It is a process that is similar to evaporation, as it is the loss of water in the form of vapour.
As we learnt above, all the plants, from small shrubs to tall trees, require water to perform photosynthesis. This water is absorbed by the roots (root hairs) of the plants through the process of osmosis. But from the total amount of water absorbed, only a small percentage of water is used by the plants. The rest gets evaporated from the leaves. This evaporation of water is known as transpiration.
The loss of water in the form of water vapour from the aerial parts of the plant body is known as transpiration.    
The leaves of green plants have tiny, microscopic pores known as stomata. The water content in the plants evaporates through these stomata.
Structure of stomata:
Stomata open and close
Each stomatal pore is surrounded by two kidney-shaped cells known as guard cells that help in regulating the rate of transpiration by opening and closing of stomata.
Let us understand the process of transpiration more clearly by the following experiment.
  • Take a well-watered potted plant and cover it with a plastic bag by tying its mouth at the base of the stem.
  • Next to this plant, place an empty plastic bag and tie its mouth.
  • Expose both the plant and the empty plastic bag to the sun and observe.
  • After some time, we can see water droplets getting collected due to the condensation of water vapour inside the bag which covers the plant.
  • Inside the empty plastic bag, there are no water droplets.
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From this above experiment, we can conclude that transpiration occurs in plants to eliminate the excess water.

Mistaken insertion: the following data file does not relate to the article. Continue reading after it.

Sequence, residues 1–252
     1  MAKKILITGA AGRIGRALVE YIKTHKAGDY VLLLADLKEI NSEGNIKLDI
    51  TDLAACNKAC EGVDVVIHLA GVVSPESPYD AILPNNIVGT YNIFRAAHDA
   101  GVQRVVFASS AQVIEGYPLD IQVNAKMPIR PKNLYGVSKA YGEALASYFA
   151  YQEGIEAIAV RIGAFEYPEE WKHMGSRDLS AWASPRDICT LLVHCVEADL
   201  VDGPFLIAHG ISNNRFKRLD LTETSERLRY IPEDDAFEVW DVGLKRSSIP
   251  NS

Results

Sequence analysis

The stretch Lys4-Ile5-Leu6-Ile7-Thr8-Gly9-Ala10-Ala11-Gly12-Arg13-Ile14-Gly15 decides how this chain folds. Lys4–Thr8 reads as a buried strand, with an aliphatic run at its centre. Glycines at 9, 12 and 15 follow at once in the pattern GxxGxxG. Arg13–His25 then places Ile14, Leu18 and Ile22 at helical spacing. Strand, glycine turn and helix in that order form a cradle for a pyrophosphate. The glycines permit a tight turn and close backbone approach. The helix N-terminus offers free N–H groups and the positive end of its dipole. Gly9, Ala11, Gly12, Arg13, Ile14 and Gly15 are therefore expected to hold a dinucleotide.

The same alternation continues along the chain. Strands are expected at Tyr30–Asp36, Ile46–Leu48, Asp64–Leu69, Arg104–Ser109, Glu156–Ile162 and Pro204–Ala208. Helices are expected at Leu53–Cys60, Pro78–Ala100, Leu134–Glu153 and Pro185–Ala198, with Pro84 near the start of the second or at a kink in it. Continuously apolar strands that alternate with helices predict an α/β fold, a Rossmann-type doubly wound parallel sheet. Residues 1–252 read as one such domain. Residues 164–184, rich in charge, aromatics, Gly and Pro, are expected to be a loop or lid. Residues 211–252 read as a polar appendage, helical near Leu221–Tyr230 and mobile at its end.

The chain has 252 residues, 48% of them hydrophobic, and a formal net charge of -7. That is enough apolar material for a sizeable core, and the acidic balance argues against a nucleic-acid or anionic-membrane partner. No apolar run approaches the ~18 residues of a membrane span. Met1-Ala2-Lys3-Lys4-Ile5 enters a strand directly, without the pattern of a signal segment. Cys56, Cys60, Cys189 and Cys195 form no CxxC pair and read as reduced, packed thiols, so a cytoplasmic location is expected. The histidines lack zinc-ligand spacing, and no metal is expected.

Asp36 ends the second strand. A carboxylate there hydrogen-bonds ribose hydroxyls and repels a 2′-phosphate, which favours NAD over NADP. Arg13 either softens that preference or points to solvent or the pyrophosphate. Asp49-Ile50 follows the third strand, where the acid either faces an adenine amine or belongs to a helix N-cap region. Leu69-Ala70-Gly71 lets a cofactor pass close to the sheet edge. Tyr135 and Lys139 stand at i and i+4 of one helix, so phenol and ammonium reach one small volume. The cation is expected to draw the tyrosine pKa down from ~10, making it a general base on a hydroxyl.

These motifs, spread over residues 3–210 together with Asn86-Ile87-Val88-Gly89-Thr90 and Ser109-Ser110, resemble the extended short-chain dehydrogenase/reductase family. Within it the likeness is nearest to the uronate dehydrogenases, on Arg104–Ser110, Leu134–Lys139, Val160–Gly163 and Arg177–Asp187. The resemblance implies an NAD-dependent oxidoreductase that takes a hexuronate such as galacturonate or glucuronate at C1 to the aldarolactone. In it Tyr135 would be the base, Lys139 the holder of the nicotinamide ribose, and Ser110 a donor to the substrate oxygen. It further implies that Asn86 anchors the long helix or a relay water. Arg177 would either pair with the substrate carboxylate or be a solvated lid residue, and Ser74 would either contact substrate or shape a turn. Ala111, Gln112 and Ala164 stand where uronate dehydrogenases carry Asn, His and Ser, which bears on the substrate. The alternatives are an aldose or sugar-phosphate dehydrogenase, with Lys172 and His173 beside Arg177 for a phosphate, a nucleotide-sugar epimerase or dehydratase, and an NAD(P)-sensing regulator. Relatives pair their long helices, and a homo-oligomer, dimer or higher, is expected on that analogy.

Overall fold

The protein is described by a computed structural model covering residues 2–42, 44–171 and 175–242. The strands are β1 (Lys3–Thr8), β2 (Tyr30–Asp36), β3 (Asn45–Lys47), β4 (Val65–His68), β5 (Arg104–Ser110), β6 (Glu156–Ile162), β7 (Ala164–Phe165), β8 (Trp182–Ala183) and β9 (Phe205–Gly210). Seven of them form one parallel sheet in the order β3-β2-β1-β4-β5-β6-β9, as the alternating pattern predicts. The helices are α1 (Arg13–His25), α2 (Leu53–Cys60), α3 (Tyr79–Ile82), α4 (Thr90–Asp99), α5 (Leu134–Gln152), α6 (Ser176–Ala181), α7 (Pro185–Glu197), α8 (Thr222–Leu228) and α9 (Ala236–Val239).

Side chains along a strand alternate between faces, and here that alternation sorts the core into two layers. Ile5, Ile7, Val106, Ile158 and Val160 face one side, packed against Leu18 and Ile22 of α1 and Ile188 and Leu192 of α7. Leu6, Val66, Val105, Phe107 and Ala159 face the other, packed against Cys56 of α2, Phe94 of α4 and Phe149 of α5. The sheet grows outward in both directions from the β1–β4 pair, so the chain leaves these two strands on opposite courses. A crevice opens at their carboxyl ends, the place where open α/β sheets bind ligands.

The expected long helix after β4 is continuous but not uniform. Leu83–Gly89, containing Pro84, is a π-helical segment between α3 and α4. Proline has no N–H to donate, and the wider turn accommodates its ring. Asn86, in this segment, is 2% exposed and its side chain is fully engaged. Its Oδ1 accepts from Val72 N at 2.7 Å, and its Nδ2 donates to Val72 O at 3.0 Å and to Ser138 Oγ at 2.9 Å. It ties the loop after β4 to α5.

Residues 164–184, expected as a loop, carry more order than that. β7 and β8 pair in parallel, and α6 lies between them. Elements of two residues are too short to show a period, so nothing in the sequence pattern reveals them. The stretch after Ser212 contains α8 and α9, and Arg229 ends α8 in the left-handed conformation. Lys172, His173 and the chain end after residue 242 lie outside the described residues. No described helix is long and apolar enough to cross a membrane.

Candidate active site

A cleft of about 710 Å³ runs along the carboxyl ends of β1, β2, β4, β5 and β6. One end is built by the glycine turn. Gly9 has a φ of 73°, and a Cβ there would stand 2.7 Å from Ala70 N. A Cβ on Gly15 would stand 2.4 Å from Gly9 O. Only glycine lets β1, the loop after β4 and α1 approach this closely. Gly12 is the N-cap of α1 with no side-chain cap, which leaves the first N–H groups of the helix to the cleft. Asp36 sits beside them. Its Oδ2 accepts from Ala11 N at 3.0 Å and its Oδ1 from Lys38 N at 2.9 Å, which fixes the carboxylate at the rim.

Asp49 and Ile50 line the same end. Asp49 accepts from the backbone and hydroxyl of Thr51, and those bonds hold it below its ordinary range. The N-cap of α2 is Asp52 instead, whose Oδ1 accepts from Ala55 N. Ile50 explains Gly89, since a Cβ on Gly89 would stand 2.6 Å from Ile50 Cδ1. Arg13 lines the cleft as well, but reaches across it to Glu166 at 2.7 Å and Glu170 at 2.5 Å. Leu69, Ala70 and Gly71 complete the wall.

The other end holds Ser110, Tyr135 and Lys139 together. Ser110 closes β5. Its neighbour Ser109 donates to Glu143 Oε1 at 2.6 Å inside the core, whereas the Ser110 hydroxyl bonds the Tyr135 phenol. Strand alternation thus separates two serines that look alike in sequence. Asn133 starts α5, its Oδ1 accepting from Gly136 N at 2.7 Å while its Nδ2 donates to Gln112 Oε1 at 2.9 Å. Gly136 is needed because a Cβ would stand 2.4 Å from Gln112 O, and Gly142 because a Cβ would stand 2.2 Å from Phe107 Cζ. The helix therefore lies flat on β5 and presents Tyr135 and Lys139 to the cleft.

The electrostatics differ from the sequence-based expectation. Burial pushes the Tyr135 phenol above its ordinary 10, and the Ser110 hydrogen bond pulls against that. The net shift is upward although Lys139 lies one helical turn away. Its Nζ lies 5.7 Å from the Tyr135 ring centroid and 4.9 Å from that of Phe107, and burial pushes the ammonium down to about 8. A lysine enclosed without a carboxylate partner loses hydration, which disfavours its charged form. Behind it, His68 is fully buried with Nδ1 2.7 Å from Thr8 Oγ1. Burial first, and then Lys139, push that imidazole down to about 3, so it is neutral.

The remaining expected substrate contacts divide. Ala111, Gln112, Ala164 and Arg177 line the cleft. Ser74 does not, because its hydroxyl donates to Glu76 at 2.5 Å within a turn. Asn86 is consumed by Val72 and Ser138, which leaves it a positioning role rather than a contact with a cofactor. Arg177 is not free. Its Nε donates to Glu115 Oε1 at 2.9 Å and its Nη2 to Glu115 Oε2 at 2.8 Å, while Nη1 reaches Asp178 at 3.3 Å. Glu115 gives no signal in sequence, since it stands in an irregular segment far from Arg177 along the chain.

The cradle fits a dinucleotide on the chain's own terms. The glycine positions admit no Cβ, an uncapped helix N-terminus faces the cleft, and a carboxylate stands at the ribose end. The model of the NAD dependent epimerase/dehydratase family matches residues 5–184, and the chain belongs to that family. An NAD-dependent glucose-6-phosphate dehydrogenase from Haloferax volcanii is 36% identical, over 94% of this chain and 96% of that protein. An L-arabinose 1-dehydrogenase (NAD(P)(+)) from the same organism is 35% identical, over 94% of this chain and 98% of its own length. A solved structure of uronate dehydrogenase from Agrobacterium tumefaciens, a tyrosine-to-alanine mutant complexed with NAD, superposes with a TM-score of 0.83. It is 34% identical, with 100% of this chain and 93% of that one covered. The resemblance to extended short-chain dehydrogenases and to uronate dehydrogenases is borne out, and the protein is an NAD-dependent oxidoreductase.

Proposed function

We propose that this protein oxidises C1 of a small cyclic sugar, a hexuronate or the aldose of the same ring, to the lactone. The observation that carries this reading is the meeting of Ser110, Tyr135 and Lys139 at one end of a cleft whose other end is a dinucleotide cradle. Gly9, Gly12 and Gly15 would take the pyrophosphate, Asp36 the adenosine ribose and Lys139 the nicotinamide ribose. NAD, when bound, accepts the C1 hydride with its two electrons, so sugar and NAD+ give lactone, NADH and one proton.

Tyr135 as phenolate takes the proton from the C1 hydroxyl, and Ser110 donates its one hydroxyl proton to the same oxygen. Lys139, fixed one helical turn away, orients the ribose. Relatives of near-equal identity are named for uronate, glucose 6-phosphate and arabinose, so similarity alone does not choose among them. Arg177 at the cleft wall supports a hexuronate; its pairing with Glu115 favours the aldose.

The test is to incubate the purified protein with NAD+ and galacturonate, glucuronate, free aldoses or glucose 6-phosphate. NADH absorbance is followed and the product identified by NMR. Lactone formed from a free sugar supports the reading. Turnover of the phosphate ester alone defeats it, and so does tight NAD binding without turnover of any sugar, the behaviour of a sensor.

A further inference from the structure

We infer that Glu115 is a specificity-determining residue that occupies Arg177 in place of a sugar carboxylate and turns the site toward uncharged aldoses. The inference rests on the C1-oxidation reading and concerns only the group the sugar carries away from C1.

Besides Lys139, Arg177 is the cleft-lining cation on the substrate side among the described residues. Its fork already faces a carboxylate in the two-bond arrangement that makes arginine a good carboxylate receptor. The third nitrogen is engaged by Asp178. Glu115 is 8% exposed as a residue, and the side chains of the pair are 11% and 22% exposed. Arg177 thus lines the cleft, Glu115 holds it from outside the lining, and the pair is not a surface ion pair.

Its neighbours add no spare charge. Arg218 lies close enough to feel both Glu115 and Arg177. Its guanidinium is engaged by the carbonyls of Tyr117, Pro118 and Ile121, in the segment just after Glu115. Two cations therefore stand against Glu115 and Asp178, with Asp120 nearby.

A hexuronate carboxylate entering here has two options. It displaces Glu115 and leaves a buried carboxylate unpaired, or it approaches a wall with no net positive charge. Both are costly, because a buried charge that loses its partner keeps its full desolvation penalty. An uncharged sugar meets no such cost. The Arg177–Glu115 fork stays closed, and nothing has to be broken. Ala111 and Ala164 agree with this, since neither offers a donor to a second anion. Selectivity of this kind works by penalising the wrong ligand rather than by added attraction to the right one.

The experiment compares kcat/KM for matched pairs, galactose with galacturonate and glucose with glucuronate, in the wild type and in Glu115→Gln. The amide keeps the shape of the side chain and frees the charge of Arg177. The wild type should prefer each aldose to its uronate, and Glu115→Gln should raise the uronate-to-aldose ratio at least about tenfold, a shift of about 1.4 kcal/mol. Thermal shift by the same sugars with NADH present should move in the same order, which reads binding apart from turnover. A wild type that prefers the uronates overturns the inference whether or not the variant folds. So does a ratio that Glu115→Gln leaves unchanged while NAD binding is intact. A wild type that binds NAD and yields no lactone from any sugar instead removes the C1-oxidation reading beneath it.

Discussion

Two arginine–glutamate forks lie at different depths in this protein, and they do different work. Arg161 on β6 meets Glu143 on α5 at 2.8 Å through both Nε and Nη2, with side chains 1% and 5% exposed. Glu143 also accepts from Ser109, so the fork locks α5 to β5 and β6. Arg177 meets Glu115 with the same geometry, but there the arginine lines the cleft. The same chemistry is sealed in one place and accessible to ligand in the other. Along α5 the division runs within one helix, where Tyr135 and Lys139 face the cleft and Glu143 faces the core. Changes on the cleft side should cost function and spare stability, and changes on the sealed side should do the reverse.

Types of transpiration:
Transpiration is of three types based on the site where they occur. They are as follows:
  1. Stomatal transpiration
  2. Lenticular transpiration
  3. Cuticular transpiration
1. Stomatal transpiration:
The loss of water from the plants through stomata is known as stomatal transpiration. 90-95% of the water that is transpired from the leaves occurs through the stomata.
Stomatal transpiration
2. Lenticular transpiration:
What are lenticels?
The tiny openings that protrude from the barks in woody stems and twigs and other plant organs are known as lenticels.
When compared to the stomata, lenticels are less in number.
Lenticular transpiration
The loss of water from the plants through the lenticels is known as lenticular transpiration.
3. Cuticular transpiration:
It is a transpiration that takes place from the surface of the leaves. The leaves are covered by a waxy layer known as the cuticle, which helps in reducing the amount of transpiration taking place.
The loss of water from this cuticle is known as cuticular transpiration.
Cuticular transpiration
Need for transpiration:
  • It is a process that creates a water pull (movement of water from the roots to stem and leaves)in the leaf and stem.
  • It creates an absorption force in the roots.
  • It is required for the continuous supply of minerals.
  • As it is involved in the loss of water, it is also involved in the regulation of the temperature of the plant.
A video explaining the process and types of transpiration with an experiment:
Exchange of gases:
As we have discussed earlier, plants require carbon dioxide for photosynthesis and oxygen for cellular respiration. But, have you ever wondered that how plants get these gases?
The exchange of these gases occurs continuously through the minute pores found on the leaves known as stomata. These pores can be seen through a microscope. The physiological processes that are involved in the exchange of these gases will be discussed in higher classes.